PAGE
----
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Desert Southwest
2011 Calendar

Item 8500

Availability: SOLD OUT
Price $11.99
Calendars measure 10" x 14" folded



Printed in the USA!

MESA VERDE
The largest cliff dwelling in the Southwest, Cliff Palace is found in Mesa Verde National Park. These cliff dwellings were built during the Great Pueblo Period that occurred between 1100-1200 A.D.

MONUMENT VALLEY
Frosted with fresh snow, Monument Valley is the sacred home of the Navajo Indians. It is a land of solitude and austere beauty with only an icy breeze to break the silence. This is a high desert environment relatively unspoiled and traditionally inhabited by the Navajo for many generations.

ARCHES NATIONAL PARK
Outlined against a cobalt blue sky, the stark sandstone pillars of Park Avenue glow in a winter sunset. Arches National Park is a vast collection of towering spires, sheer cliffs, balanced rocks and spectacular arches. It is a place where the power of time continually reshapes these stone relics - grain by grain, bit by bit…

SAGUARO NATIONAL PARK
Saguaros and sunsets are probably the two things most identifiable with Arizona. Visitors travel to the Southwest just to witness one evening of radiant sun rays reflecting off a brilliant sky high-lighting 150-year-old saguaro cacti. Experiencing an Arizona sunset at Saguaro National Park is a sight to be remembered.

SEDONA
Years ago, Red Rock Crossing was the place to ford oak Creek. Now, it is just a memory of days past and the real beauty of this area remains unchanged. An inspiring combination of an azure blue sky and the richness of red rocks intensifies the purity of a Sedona day along this creek.

ORGAN PIPE CACTUS NATIONAL MONUMENT
High on the Ajo Mountain Drive, one can discover a cooler environ-ment than along the valleys and bajadas of the lower elevations. If the Sonoran Desert receives the ideal amount of rainfall during certain months of the year, Arch Canyon becomes carpeted by a showy display of Mexican poppies.

MONUMENT VALLEY
One of the most picturesque places on earth, Monument Valley has been evolving for more than 25 million years. This is how long it took the elements to erode different rock layers until reaching the red-orange sandstone of the Permian Period. It is a land of solitude with only a breeze to break the silence.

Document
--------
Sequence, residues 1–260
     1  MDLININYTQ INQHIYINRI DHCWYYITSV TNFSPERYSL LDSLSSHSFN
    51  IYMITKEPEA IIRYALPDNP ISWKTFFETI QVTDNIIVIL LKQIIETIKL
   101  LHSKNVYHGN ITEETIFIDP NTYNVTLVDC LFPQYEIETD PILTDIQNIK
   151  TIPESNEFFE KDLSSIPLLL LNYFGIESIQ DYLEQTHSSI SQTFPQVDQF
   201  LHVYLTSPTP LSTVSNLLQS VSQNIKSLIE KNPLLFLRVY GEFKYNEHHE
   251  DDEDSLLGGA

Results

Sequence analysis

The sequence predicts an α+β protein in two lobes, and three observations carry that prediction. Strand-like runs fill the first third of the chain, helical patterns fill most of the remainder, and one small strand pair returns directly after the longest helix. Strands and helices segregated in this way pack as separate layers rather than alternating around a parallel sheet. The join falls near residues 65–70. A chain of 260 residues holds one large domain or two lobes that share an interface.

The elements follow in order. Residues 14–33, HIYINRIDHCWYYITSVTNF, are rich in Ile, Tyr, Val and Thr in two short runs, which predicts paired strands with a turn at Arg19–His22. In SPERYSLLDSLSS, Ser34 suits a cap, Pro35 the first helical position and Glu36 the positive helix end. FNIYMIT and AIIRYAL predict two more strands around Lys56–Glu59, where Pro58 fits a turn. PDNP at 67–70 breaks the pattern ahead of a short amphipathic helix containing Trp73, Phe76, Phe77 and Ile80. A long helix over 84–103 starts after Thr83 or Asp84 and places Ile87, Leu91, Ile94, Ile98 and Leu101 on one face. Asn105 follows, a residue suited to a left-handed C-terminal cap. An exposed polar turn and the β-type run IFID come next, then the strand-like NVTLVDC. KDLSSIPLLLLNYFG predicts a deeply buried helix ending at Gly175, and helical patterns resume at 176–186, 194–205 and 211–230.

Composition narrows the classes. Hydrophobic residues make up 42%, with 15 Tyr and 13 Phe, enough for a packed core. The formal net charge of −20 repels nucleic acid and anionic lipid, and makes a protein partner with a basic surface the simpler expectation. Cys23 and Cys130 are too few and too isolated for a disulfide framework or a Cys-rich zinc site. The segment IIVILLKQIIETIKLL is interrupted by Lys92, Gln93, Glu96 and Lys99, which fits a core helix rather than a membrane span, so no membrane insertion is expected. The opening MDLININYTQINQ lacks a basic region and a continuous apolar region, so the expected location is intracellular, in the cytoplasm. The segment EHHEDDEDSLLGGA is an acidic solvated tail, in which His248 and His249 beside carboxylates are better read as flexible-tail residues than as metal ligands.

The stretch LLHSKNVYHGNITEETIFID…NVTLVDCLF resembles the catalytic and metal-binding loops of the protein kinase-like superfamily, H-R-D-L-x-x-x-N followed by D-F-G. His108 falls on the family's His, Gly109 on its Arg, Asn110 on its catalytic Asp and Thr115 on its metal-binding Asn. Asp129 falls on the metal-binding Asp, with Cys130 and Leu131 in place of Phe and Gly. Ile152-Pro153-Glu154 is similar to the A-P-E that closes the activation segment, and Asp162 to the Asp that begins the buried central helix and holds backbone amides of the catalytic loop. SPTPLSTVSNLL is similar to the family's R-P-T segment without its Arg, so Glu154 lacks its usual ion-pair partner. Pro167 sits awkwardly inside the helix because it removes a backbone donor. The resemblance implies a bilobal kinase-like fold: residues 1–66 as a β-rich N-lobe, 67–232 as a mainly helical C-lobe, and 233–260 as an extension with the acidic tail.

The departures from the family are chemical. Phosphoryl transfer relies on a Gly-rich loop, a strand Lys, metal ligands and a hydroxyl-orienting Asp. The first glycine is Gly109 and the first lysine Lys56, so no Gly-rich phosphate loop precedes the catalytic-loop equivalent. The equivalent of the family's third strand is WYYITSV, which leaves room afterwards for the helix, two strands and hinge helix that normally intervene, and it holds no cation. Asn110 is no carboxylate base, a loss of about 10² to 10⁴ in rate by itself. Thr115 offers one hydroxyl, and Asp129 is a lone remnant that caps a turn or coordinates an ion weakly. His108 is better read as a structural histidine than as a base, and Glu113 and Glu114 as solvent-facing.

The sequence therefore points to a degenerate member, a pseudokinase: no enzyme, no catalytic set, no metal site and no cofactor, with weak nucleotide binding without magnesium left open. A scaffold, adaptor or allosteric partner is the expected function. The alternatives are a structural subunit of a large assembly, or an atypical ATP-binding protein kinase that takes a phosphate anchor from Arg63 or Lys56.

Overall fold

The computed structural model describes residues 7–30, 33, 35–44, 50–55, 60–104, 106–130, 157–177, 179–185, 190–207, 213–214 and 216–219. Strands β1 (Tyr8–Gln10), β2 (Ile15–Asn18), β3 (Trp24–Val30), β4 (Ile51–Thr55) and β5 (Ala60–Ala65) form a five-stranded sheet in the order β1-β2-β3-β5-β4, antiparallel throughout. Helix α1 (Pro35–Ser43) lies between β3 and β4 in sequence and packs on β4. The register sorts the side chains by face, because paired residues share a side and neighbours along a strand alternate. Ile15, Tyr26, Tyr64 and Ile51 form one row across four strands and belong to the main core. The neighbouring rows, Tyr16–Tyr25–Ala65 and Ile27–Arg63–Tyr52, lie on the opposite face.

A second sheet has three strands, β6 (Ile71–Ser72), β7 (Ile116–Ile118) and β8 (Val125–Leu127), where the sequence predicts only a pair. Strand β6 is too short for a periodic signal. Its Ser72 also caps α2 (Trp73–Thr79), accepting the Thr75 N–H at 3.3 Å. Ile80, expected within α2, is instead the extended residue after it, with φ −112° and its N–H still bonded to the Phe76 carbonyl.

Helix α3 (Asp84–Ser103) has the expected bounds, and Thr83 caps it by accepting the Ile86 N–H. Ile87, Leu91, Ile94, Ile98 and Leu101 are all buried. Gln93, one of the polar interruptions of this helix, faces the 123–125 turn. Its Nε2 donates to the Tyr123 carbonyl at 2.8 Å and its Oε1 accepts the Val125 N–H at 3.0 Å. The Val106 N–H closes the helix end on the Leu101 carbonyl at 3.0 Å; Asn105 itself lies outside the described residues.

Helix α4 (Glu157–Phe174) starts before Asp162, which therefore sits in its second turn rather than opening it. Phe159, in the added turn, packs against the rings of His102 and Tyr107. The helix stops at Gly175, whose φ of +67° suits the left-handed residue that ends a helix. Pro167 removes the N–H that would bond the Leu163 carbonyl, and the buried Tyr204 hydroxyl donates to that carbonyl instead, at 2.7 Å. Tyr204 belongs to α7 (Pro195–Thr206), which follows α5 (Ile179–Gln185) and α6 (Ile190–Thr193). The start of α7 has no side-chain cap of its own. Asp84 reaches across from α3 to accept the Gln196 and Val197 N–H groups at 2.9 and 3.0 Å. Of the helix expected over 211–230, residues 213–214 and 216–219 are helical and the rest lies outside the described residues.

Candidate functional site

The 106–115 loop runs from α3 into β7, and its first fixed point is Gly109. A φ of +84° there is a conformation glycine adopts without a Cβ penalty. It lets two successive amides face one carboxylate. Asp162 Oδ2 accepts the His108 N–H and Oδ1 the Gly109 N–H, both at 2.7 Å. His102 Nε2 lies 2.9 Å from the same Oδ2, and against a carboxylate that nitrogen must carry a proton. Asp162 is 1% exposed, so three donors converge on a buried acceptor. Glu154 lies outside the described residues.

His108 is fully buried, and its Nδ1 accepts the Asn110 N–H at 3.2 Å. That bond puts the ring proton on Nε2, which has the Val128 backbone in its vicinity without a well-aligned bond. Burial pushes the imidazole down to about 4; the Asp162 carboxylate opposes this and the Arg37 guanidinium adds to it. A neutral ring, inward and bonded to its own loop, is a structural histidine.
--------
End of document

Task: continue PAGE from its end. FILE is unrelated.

PECOS RUINS
On a rocky hillside near the Pecos River, Pecos Ruins still stand. This dwelling was constructed by the Puebloan settlers in 800 A.D. Over the centuries, the pueblo grew to nearly 700 rooms and housed over 1500 Indians. They were among the first North Americans to be visited by the conquistador, Francisco Vasquez de Coronado.

LAKE POWELL
The Colorado River flows within an immense tableland of brightly colored rock. For approximately 186 miles, the sapphire blue water of Lake Powell extends into hundreds of hidden side canyons of this plateau. Boaters can explore coves, cruise through sheer-walled waterways, dock at remote beaches and bask in the freedom this recreational area unleashes.

HIGH SIERRA
As clouds linger from a passing storm, rust-colored buckwheat enhances this high Sierra Country. It is a land that conservationist John Muir frequented when seeking solitude and the opportunity to be in touch with nature. Today, the John Muir Wilderness encompasses 584,000 acres and extends more than 30 miles along the crest of the Sierra Nevada Range.

CANYON DE CHELLY
Framed by fall foliage, White House Ruins within Canyon de Chelly radiates a warmth in the late afternoon. Steep-walled, overhanging canyons sheltered prehistoric Pueblo Indians for about one thousand years. Perched on high ledges, these dwellings were built in multi-levels. The Navajo called these ruins -- Kinii'Na'igai -- White House in between.

ALGODONES DUNES
Wind sculptured sand dunes west of Yuma extend across the arid desert landscape for almost 40 miles. Located along the Arizona/California border, these dune fields are also known as the Sand Hills. Ripples in the dunes possess ever-changing patterns and are a result of continual turbulent air sweeping above the sand surfaces.

DESERT VIEW
The tower at Desert View stands as a sentinel on the rim of the Grand Canyon. It serves as a beacon from which to experience a land of majestic beauty that stretches endlessly in every direction. The famous Watchtower was built in 1933 as an observation station and provides an exceptional view of the Canyon.

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